Willy Wonka: Stop, don’t, come back
It’s a slight, seemingly empty bit of dialogue, isn’t it? Yet imbued with Gene Wilder’s sarcastic intonation the dialogue expresses that he actually couldn’t care less if the kid to whom he’s speaking comes back or not. He speaks the ostensibly dull sentence in an unflappable, flat tone such that it becomes richly, perversely, funny. It is is also, oh, just a teensy bit mean. As is our Mr. Wonka himself.
Indeed, this is the key to Wonka’s character: we love his subtle, light as a feather barbs, even if they are at the expense of children. We love that he stands by looking bored and doesn’t seem to care one whit when Augustus Gloop is near drowning in a gelatinous river of chocolate. Nor does he care when Violet is turning into a blueberry. Nor when Mike Teavee’s physical body is being pixelated and transmogrified into a 2 dimensional tv image. And certainly not when our howlingly spoiled and appallingly unpleasant Veruca Salt is falling down that garbage shoot to be destroyed with all the other bad eggs. Nope, Mr. Wonka does not care a whit about a single one of them. Hell, he even rather enjoys looking on while the rotten kids, one by one by get their comeuppances.
It takes a special kind of actor to break one of life’s cardinal rules (thou shall not be mean to children), and have it come off as funny. Wilder pulls it off, in part, because of that gentle, soothingly cooing voice of of his. Recently, I was reminded of his voice while watching an interview that TCM sponsored between Gene Wilder and Alec Baldwin in 2008. During a ninety minute interview Wilder was charming, funny, smart and humble. It was clear that he had enjoyed making some films more than others, based not merely on what he said about them, but also on the way his eyes lit up.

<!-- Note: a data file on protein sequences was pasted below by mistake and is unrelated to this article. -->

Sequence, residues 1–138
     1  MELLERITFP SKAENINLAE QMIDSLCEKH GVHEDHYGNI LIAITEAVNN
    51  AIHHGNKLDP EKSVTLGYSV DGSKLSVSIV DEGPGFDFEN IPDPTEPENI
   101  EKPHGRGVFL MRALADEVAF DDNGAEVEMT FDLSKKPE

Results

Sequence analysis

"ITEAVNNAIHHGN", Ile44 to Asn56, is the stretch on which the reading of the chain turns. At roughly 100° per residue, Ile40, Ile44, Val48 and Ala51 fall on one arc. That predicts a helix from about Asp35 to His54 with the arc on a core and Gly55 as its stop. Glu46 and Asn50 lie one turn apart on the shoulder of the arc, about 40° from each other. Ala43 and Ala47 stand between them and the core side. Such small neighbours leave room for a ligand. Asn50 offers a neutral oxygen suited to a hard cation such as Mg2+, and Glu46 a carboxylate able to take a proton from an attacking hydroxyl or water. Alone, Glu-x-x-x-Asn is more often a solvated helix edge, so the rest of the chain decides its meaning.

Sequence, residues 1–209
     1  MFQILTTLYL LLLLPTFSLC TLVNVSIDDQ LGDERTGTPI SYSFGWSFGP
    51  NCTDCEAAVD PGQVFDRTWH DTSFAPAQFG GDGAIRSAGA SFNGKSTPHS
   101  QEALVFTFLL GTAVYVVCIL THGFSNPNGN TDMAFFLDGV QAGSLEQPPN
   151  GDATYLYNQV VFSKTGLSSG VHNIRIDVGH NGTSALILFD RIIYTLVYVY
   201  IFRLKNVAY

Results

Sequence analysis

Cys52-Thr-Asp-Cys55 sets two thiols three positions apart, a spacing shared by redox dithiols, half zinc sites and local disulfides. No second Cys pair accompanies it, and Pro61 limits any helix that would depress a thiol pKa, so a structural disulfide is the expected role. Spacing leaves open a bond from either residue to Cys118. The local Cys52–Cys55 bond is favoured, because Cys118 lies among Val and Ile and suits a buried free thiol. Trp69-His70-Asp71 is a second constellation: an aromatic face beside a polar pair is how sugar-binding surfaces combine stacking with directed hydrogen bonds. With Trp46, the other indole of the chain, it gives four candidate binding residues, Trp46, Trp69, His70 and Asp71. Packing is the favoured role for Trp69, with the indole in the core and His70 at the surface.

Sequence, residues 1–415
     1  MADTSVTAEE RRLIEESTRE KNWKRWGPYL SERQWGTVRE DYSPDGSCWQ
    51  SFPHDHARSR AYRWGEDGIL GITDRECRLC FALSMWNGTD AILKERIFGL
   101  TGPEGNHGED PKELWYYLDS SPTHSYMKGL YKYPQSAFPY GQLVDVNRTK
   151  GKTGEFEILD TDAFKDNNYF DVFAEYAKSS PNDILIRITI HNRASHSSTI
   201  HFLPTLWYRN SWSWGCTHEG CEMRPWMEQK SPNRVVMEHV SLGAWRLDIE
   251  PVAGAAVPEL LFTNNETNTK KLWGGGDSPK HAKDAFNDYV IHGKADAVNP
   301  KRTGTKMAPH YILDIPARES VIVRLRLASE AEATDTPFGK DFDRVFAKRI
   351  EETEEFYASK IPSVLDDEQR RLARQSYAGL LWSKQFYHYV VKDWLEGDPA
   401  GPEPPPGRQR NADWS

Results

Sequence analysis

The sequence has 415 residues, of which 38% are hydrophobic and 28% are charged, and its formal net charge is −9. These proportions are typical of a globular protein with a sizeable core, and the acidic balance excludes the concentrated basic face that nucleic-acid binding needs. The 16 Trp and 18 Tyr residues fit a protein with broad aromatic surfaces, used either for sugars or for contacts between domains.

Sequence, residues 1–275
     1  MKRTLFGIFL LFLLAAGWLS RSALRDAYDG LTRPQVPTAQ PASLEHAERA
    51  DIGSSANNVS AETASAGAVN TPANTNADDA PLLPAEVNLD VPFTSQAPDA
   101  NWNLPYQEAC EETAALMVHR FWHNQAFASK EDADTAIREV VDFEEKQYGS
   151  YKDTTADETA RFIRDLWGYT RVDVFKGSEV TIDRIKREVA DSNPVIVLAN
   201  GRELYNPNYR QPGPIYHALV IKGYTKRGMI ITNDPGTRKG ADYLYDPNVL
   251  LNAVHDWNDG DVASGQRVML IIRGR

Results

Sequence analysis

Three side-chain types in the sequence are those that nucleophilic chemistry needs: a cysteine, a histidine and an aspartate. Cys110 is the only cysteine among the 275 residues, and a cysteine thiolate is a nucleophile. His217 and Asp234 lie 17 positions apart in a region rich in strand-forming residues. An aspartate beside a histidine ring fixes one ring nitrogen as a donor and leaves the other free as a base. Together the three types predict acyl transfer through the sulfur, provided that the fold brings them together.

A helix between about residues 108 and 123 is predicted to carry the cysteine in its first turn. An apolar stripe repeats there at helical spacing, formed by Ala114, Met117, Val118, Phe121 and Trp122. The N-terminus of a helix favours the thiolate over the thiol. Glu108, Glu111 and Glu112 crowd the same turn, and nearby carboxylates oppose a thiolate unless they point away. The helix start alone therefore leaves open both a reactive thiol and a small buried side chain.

When talking about "Willie Wonka" he looked as happy as a kid in, well, a candy factory. He gave more time and thought to his replies about Wonka than any other film he'd discussed throughout the interview. And he seemed delightfully proud of the things that he, himself, had contributed to the film -- things that the writer and director had not thought of, such as the particular perversity of his reason for giving his character, Mr. Wonka, a limp when he meets the children for the first time at the factory gates.
Mr. Wonka limps down a cobblestone walkway with a cane looking frail and lame, and presumably a disappointing figure to the children. Suddenly, his cane gets stuck between the stones, which causes him to fall to the ground -- whereupon he leaps up into a gymnastic somersault! He is not lame at all! To the contrary, quite spry. "So," asks Baldwin, "Why the charade?" Wilder looks at Baldwin with a wickedly (rather Wonka-ish), gleam in his eye and says, “Because from that time on, no one will know if I’m lying or telling the truth.”
The whole movie is about deceptions, fantasy, charades and honesty; Charlie's honesty in particular. Wilder was so joyful talking about this film that he took the time to recount the final scene with Charlie returning the Everlasting Gobstopper in detail, including the splendid piece of dialogue that Wonka gives to Charlie right then. Charlie places the Gobstopper on the table -- that same Gobstopper that the evil Mr. Slugworth had offered all the kids a fortune to sneak out of the factory to sell to him -- and Willie Wonka, furious a mere moment ago, now smiles and tenderly puts his hand over Charlie's, saying, "So shines a good deed in a weary world."
Wilder described the scene to Baldwin and finishes his description by quoting that line. Then he paused, smiled, and repeated the line with an even deeper affection for its meaning, "So shines a good deed in a weary world." Yes, it does indeed.
Margaret C Laureys